James Pollard
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James Pollard is a marketing consultant who specializes in helping financial services professionals grow their business over at ... Click for full bio

NBA Player Carl Landry Demonstrates the Value of Persistence in Life and Work

NBA Player Carl Landry Demonstrates the Value of Persistence in Life and Work

Written by: Jon Sabes

When you meet Carl Landry, stand-out college basketball player and nine-year NBA player, you imagine that becoming a professional basketball star was a straight forward run for the 6-foot-nine-inch power forward. 

However, when you go deeper into Carl’s background, becoming a NBA professional was less than certain and little came easily to the 33-year-old from Milwaukee:

  • He was cut from his high school team as a freshman and averaged less than ten points a game when he did play as a senior.
  • He started his college career not at Purdue, but a junior college where it was not clear he would play.
  • When he finally got to Purdue, he tore his ACL in his knee his first year and reinjured it the next year.
  • While his family held a party for him the night of the NBA draft, he slept in the Philadelphia airport after missing a flight following a workout for the 76ers.
  • In the NBA playoffs, Carl had a tooth knocked out, but came back in the same game to make a game-winning blocked shot as the Rockets beat the Utah Jazz 94-92.

Landry, who I interviewed on my podcast, Innovating Life with Jon Sabes (, is a remarkable example of the value of “persistence.” In a time where technology creates the image that anything is possible at the touch of a button, persistence is an under-appreciated trait. When I spoke with Carl, I clearly saw someone for whom success has only come through a force of will that made him a NBA player, but it also made him a better player every year he played. That’s the kind of personality that has produced greatness in business as well as sports.

Carl was, in fact, drafted that night he spent in the airport. The Seattle Supersonics chose him as the 31st overall pick and then traded him to the Houston Rockets where he rode the bench for much of the first half of the season. When All-Star teammate Yao Ming was injured, he stepped in and played a key role in the Rockets astonishing 22-game winning streak (the third longest streak in NBA history). And, that season, after sitting on the bench for 33 of the first 36 games, he was named to the All-Rookie second team.

Carl was the first in his family to go to college. “I told myself that this was my ticket out, so I did everything I possibly could to be the best person in school and also on the court,” he said.

His family life in Milwaukee showed him what he didn’t want to do. “Just being honest with you, seeing some my cousins, peers, they went to work for jobs paying six, seven dollars an hour or they didn’t go to work at all and then living off welfare. I didn’t want that.”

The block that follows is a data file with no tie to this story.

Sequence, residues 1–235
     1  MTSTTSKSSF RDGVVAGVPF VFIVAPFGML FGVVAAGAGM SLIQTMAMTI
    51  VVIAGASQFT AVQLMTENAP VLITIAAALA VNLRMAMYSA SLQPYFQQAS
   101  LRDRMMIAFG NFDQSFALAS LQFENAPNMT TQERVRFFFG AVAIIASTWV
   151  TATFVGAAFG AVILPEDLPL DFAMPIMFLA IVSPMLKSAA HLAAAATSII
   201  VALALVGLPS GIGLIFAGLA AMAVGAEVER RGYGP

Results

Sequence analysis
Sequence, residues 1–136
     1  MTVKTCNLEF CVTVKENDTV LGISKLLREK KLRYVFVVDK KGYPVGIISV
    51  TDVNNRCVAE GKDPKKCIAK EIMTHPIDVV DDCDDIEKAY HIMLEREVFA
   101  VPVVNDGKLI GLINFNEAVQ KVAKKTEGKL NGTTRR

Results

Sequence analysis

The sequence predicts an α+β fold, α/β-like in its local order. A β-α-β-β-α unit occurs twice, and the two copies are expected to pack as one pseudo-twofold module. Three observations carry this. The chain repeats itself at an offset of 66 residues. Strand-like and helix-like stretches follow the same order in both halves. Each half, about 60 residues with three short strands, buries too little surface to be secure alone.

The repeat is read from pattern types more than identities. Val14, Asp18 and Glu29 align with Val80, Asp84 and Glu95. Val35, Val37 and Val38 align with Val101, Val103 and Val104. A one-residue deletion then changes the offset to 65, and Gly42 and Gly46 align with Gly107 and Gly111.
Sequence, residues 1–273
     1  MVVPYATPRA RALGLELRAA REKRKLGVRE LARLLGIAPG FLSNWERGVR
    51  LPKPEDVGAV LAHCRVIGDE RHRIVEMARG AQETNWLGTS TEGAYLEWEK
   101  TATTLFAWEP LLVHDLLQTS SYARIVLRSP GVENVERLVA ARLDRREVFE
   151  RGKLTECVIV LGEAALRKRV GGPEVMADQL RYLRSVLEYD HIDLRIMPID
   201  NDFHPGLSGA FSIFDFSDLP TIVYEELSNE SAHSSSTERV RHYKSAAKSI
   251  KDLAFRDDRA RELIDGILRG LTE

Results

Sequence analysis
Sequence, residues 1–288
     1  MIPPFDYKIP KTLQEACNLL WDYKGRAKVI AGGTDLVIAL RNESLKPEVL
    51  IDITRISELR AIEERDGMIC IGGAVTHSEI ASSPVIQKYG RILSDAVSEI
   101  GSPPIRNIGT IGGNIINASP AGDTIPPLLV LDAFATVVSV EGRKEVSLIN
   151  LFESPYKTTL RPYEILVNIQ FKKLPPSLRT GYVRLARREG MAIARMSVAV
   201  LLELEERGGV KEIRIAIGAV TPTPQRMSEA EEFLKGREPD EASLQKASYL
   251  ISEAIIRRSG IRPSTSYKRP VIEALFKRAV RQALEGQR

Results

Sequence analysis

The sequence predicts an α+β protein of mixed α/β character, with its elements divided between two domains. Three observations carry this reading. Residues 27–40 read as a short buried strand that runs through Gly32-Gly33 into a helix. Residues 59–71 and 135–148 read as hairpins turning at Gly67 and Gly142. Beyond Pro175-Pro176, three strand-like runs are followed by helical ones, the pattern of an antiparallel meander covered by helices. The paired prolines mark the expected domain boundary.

When he was first injured, he had to contemplate the end of a career before it even got started. “When you have an ACL tear, it’s over…no more basketball,” he told me. “I said, God, give me health again and I’ll do everything I can to leave it all out on the line and be a successful individual.”

On my podcast, Carl pointed out another interesting lesson he learned in the NBA: Not doing things just to fit in.

“Fitting in was easy,” he said. “Doing everything that everybody else does was easy. If I stood out in some type of way, I’m going to have different results. I’m going to have stand-out results.”

That’s called the “Law of Contrast” and it produces that exact effect of changing the outcomes that everyone else is experiencing.  Carl is smart, he recognized that differences make a difference, and doing whatever it takes is what is required to make real, meaningful differences.

Every off-season for the last 11 years, he has run a camp for kids in Milwaukee where he tells youth his story of hard work and persistence. “I always tell the kids to apply themselves and always be persistent,” he said. “If you dream, apply yourself and be persistent. With hard work, man, the sky’s the limit.”

When Carl says the sky’s the limit he means it.  He is smart to recognize that it’s important to dream big, because if we don’t – we may be selling ourselves short. “You have to dream bigger than your mind could ever imagine,” he said. “I wanted a nice house. I wanted a nice car. I said, and I got all of that. So, what do I do, do I stop now? Maybe I didn’t dream big enough.” That’s a big statement coming from a kid who grew up to be the first in his family to graduate college and go on to be not only a top NBA basketball start, but a good businessman, father and someone who gives back to the community.

I’m convinced that in whatever he takes on as a basketball player or in his post-hoops career, Carl Landry is not going to stop getting better at whatever he does, and in the process of doing so, make the world a better place.

GWG Holdings, Inc.
Investing in Life
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GWG Holdings, Inc. (Nasdaq:GWGH) the parent company of GWG Life, is a financial services company committed to transforming the life insurance industry through disruptive and i ... Click for full bio